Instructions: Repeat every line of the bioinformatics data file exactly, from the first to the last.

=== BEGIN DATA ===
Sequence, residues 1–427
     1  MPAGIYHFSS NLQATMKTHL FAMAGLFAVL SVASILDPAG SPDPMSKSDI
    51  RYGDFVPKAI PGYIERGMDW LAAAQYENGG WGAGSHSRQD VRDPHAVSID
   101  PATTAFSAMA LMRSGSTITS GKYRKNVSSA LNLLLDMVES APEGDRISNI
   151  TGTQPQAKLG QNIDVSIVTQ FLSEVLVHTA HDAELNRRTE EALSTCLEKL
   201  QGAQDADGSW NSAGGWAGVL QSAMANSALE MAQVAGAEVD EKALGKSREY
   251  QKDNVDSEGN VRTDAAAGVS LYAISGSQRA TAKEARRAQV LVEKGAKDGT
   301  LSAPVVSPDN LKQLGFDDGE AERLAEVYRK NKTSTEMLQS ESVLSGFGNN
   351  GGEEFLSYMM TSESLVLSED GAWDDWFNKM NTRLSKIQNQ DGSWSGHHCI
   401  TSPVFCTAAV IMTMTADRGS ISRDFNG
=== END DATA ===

Sequence, residues 1–427
     1  MPAGIYHFSS NLQATMKTHL FAMAGLFAVL SVASILDPAG SPDPMSKSDI
    51  RYGDFVPKAI PGYIERGMDW LAAAQYENGG WGAGSHSRQD VRDPHAVSID
   101  PATTAFSAMA LMRSGSTITS GKYRKNVSSA LNLLLDMVES APEGDRISNI
   151  TGTQPQAKLG QNIDVSIVTQ FLSEVLVHTA HDAELNRRTE EALSTCLEKL
   201  QGAQDADGSW NSAGGWAGVL QSAMANSALE MAQVAGAEVD EKALGKSREY
   251  QKDNVDSEGN VRTDAAAGVS LYAISGSQRA TAKEARRAQV LVEKGAKDGT
   301  LSAPVVSPDN LKQLGFDDGE AERLAEVYRK NKTSTEMLQS ESVLSGFGNN
   351  GGEEFLSYMM TSESLVLSED GAWDDWFNKM NTRLSKIQNQ DGSWSGHHCI
   401  TSPVFCTAAV IMTMTADRGS ISRDFNG